The late-afternoon conference call did little to clear up the Sox' unusual situation on the eve of these meetings. The parties stated that many teams had inquired about Manny Ramírez, but that the Sox would not be bullied into giving away Ramírez, or David Wells, both of whom have asked to be traded. They said re-signing Johnny Damon remained a priority and indicated that trade talks are already scheduled with 13 teams.
When a reporter asked if there would be a point man in the Sox contingent in Dallas, the 71-year-old Lajoie said, ''There should be a point man. I imagine it will be myself."
He added, ''We go day-to-day with our present system and it seems to be working pretty well. We are working together and getting along."
Not involved in the conference call, but expected to be in Dallas, is Kapstein, a brilliant, likable, veteran baseball man who has offered to succeed Theo Epstein.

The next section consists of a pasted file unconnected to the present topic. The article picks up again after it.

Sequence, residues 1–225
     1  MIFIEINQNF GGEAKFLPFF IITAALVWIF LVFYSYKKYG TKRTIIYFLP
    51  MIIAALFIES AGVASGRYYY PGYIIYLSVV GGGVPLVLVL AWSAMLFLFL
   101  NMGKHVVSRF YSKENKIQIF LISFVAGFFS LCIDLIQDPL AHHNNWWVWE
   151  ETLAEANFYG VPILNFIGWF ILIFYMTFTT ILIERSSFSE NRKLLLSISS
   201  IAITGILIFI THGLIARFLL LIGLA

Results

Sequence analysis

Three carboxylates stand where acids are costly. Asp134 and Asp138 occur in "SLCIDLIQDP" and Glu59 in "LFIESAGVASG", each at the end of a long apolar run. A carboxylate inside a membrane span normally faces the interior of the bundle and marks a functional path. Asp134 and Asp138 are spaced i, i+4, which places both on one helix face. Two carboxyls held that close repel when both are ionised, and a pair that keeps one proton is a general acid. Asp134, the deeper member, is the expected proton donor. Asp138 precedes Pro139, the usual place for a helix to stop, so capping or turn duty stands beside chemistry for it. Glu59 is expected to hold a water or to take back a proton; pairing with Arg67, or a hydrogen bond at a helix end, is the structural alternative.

This typist strongly doubts the Sox will turn to Kapstein, even on an interim basis, and Lucchino will not comment on the in-house people who might be up for the job. But it has been fascinating to watch the unfolding of the (unlikely) candidacy of Kapstein.
Kapstein's name was first floated by Murray Chass in the New York Times several weeks ago. In the past week, Kapstein publicly raised his hand for the job, and his prospects were advanced by scribes in both Boston newspapers, and by his appearance on WEEI.